Here's What Happened When We Tried Out 'Mindful' Origami
The Debrief: Rule 1: don't get cocky
Still spending your evenings colouring in? Old news, my friend. This year origami is the craft trend that’s taking over.
It’s said that the art of folding paper – origami, as we know it – first became an art form in Japan in the 6th century, but paper was invented in China around 100BC so it’s difficult to establish exactly where paper-folding originated. Origami stimulates the brain and helps with things like hand-eye coordination, concentration and memory. But this modern take on an ancient art form is a very 2016 mash up - origami for mindfulness; the idea of being aware and ‘in the moment’.
Nick Holmes has been a member of The British Origami Society for 30 years and co-ordinates their Twitter account, so I asked him about the benefits of origami. 'Creating something using only a piece of paper and your hands means you can focus on just the paper, blocking out your surroundings,' Nick explained. 'This can become very relaxing and almost meditative. Origami has been used for many years in therapy and rehabilitation, for example improving hand/eye co-ordination.'
When The Book of Mindful Origami by Samuel Tsang landed on my desk, I decided to give it a go not least because I was pretty much a pioneer of the colouring trend (which I did a grand total of twice but thoroughly enjoyed both times and that’s what counts) so origami seemed like the obvious next step.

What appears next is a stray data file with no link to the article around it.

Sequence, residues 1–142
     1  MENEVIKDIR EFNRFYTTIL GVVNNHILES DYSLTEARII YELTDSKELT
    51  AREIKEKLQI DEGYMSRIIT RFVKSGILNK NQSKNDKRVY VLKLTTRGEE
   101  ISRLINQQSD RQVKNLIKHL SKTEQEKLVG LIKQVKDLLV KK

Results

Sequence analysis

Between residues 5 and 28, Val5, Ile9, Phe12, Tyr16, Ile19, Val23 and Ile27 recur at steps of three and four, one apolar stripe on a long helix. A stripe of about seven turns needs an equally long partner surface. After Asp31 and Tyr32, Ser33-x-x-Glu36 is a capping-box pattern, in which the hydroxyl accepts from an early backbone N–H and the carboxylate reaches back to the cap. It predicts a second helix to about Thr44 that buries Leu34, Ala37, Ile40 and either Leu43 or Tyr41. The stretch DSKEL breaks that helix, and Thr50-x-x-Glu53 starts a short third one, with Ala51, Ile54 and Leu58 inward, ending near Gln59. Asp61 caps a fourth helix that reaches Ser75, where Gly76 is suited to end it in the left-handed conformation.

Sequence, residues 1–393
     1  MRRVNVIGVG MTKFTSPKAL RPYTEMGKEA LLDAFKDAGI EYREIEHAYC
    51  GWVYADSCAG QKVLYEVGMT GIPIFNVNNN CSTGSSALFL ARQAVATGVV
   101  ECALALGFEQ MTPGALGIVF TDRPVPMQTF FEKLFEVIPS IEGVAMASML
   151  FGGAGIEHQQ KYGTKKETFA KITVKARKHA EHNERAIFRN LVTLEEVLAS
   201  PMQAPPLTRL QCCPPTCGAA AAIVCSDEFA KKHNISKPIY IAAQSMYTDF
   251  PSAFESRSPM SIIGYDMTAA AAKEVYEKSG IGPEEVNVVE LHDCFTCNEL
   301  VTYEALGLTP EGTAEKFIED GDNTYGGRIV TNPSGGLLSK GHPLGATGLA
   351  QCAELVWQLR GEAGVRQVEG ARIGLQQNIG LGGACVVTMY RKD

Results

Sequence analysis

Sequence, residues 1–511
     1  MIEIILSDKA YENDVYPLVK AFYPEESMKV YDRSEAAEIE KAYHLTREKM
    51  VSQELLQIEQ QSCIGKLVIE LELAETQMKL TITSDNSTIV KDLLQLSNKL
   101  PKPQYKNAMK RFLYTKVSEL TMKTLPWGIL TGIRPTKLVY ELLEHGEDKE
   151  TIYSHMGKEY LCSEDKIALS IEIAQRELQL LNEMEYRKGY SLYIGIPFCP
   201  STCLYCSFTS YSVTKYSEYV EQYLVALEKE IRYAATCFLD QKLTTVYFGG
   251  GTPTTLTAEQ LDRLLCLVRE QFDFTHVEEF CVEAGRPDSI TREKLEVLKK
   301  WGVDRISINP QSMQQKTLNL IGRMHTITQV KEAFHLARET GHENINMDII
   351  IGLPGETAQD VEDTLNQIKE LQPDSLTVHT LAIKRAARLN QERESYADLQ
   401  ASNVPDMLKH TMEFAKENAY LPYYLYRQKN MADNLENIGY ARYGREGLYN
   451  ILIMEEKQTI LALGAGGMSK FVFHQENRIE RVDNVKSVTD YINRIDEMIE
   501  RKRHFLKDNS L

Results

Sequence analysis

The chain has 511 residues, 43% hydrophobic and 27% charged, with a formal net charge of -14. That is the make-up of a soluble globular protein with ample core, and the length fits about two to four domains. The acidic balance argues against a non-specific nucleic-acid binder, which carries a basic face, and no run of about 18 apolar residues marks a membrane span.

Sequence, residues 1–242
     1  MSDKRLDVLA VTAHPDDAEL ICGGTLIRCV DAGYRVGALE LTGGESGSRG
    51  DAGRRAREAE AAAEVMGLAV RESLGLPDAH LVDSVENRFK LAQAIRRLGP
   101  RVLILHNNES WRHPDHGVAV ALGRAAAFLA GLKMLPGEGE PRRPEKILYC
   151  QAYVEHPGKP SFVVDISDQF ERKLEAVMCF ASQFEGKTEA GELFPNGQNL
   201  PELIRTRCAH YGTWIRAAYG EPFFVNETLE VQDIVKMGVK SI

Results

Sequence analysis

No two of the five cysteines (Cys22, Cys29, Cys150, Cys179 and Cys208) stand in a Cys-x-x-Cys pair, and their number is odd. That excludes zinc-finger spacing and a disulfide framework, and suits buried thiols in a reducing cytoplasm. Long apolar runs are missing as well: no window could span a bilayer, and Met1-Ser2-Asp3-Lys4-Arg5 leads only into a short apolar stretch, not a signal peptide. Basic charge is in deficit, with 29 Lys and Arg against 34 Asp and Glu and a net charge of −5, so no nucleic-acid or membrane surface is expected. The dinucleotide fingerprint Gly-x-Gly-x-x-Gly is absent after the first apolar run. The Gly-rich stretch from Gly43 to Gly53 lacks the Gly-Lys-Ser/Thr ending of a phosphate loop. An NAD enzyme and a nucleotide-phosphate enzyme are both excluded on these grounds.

Tsang is quick to manage the reader’s expectations in the introduction; the ignorant might think origami is easy. Folding paper? What of it. ‘Is it reasonable or rational to believe that we should be able to understand every concept or grasp a new skill on our first exposure to it?’ Of course, the answer is no and Tsang wants us to remember that.
He also stresses the importance of taking note of the process of folding - i.e. being mindful as you're doing it. He calls this, ‘mindFOLDness’. ‘Work calmly and steadily through each step,’ he advises. ‘Check the step you have just done before moving on. As you fold, study the paper, the lines and the colours. Feel the texture of the paper between your fingers and notice the sound as you make each crease’.
He advises reading through and practising each of the folds and bases that will be used in the book. There are 15 different folds and and four bases. I immediately feel stressed out and don’t do that. I have fallen at the first hurdle, immediately bypassing his advice of ‘you must learn to walk before you can run’. Because I am that person.
1. The Envelope
This is the first origami in the book and therefore the easiest. The blurb tells me to ‘meditate on the kindness in the act of giving to another person’ because the envelope is traditionally the bearer of gifts.
I didn’t do this, of course. I was too preoccupied with nailing my first origami shape that all I could think about was whether my valley fold was in the right direction. I get slightly panicked at the penultimate step because I can’t quite grasp what a 45 degree angle is and I get confused with which way my fold should go.
Not quite the relaxing experience I thought it would be. But I persevere and produce an envelope, proudly showing it off to my work mates. They seem underwhelmed.
2. The House